The Indian government has recently released the factsheet for 17 states and 5 UTs from the National Family Health Survey-5 (NFHS-5), including multiple indicators for women empowerment. One such factor was “women aged 15-24 who use hygienic methods of protection during their menstrual period”.
Women use local or commercial sanitary napkins, menstrual cups, tampons during their periods to control the blood flow. These items are called sanitary items.
As a part of this study, we are reviewing and understanding the changes in the sanitary item usage from National Family Health Survey-4 (NFHS-4) to National Family Health Survey-5 (NFHS-5) and the factors driving these changes.
Women in Bihar Are Experiencing a ‘Revolution’
All the states and union territories have shown an increase in sanitary item usage. Figure 1 shows the percentage of women using sanitary items as captured in NFHS-4 and NFHS-5 surveys.
Eight states and UTs, including Andaman and Nicobar Islands, Lakshadweep, Goa, Dadra and Nagra Haveli, Mizoram, Kerala, Telangana, and Himachal Pradesh, had 90% or more women using sanitary items.
In contrast, Tripura, Assam, Gujarat, Meghalaya, and Bihar had less than 70% of women using sanitary items.
A closer look at these numbers shows that the highest gainer (percentage increase in the sanitary item usage from NFHS4 to NFHS5) was Bihar (90%).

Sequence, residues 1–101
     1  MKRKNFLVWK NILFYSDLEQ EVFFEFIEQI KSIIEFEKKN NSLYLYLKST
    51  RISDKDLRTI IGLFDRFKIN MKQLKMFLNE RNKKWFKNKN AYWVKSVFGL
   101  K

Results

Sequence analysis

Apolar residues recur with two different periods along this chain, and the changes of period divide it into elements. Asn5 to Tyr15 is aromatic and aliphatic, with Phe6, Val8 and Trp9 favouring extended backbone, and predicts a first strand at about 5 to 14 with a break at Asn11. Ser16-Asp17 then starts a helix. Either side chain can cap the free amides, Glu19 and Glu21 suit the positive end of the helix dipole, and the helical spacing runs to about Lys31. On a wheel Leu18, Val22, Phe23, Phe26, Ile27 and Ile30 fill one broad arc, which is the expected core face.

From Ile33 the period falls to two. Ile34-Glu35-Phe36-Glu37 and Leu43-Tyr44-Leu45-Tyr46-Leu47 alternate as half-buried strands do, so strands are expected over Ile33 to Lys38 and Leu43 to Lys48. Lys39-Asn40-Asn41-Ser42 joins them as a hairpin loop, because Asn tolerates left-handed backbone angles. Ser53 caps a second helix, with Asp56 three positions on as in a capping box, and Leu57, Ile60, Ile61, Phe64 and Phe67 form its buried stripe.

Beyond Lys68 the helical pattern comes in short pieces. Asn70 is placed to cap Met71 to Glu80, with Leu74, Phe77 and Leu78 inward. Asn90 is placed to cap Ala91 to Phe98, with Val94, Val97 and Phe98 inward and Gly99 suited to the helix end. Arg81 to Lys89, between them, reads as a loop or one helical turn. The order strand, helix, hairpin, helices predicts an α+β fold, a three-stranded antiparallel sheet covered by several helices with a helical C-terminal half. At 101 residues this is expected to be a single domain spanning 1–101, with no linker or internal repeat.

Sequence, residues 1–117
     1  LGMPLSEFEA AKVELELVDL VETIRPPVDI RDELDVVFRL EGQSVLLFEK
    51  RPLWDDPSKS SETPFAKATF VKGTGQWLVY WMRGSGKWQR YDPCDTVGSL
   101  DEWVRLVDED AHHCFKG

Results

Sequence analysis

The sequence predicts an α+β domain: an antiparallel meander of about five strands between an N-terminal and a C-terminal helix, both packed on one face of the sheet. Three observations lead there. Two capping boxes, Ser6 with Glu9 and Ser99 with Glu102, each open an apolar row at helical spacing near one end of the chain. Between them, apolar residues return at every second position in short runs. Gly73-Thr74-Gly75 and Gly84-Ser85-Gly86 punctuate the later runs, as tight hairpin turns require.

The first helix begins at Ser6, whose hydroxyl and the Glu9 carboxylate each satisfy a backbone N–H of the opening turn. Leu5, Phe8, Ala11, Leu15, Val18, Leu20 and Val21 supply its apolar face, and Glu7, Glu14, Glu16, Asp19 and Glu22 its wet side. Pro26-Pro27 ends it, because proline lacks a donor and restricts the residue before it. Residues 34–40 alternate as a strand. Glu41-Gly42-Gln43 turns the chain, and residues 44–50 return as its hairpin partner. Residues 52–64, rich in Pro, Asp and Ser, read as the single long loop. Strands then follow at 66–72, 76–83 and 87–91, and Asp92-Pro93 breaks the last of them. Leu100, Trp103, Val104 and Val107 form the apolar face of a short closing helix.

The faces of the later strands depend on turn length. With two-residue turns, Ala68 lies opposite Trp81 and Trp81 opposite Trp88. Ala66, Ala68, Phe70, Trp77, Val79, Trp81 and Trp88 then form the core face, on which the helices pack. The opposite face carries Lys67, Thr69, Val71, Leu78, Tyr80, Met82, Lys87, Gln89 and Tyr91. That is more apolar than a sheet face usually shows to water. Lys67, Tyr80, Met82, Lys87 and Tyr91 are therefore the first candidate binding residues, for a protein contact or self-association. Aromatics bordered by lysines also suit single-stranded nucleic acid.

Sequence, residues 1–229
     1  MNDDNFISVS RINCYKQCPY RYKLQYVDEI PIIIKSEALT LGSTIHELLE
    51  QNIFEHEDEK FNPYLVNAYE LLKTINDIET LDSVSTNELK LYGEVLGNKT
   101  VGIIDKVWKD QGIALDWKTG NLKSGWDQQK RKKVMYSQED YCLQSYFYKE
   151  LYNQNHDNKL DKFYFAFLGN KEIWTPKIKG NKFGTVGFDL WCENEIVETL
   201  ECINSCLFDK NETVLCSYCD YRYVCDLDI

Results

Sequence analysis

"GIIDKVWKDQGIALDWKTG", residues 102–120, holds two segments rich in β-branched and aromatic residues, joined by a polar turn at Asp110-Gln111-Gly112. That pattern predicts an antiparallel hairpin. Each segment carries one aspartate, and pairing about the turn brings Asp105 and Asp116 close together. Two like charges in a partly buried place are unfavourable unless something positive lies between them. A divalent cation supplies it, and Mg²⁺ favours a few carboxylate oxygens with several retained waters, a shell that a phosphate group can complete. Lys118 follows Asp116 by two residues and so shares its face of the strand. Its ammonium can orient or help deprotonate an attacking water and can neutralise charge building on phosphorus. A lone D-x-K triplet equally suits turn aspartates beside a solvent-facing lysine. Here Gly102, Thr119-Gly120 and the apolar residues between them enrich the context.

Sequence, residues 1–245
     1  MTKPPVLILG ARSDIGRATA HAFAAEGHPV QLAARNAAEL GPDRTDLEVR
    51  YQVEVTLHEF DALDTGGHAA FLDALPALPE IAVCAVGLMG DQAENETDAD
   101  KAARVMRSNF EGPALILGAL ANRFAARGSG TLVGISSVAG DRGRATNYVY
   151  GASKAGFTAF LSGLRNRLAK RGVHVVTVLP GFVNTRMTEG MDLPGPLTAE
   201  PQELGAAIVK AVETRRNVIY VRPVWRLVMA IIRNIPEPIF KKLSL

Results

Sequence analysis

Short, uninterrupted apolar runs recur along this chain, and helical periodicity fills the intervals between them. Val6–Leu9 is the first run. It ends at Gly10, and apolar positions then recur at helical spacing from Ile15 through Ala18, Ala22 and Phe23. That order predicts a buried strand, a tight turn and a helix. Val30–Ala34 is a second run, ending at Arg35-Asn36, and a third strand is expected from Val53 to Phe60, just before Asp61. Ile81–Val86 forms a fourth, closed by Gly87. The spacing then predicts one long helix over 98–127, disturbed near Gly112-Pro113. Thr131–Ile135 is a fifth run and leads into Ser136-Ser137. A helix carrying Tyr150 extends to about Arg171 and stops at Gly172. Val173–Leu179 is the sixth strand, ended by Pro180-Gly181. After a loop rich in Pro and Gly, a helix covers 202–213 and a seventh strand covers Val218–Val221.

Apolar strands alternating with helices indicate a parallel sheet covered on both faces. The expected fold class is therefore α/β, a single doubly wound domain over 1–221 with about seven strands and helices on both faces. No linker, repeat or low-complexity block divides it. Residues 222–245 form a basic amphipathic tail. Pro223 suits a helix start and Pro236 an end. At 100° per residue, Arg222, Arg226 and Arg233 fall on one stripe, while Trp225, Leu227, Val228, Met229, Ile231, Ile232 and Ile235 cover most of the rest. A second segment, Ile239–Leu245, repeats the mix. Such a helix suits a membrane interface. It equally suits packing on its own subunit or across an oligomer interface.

It was followed by Tripura (58%), West Bengal (51%), Dadra & Nagra Haveli (51%) and Assam (48%).
While Bihar scores the lowest on sanitary items usage among all the 22 States and UTs, it has shown the highest percentage increase (almost double) in sanitary items. Similarly, Assam and Tripura, which rank second lowest and fifth-lowest, showed a higher percentage increase in sanitary item usage.
Next, we take a closer look at these states among the urban and rural population in the recently released NFHS-5.
All Lakshadweep Women Use Sanitary Products
Figure 2 shows the percentage of women using sanitary items in urban and rural areas. Eleven states, including Andaman and Nicobar Islands, Lakshadweep, Himachal Pradesh, Goa, Telangana, Kerala, Mizoram, West Bengal, Dadra & Nagra Haveli, Karnataka, and Maharashtra, had 90% or more women using sanitary items in the urban areas. 75% or more women in the urban areas across all the States and UTs use sanitary items.
Among the rural areas, only seven states and UTs, including Andaman and Nicobar Islands, Lakshadweep, Himachal Pradesh, Goa, Telangana, Kerala, Mizoram, and Dadra & Nagra Haveli, had 90% or more women using sanitary items. In contrast, Jammu & Kashmir, Tripura, Assam, Meghalaya, Gujarat, and Bihar had 70% or lesser women using sanitary items. Lakshadweep was a big standout with all the women using sanitary items in rural areas.
Rural-Urban Divide in Menstrual Hygiene
To analyse these numbers further, we have used Figure 3 and Figure 4 to show the percentage increase in the sanitary item usage from NFHS-4 to NFHS-5 in the urban and rural areas. Tripura and Bihar lie in the bottom pyramid for sanitary item usage, and they’ve shown the highest percentage increase in sanitary item usage in urban and rural areas.
Bihar specifically had almost twice the number of women in rural areas now using sanitary items as compared to the numbers reported in NFHS-4. Other states with remarkable percentage increase (greater than 50%) in the usage of the sanitary item in rural areas were West Bengal (73%), Dadra & Nagra Haveli (65%), and Assam (52%).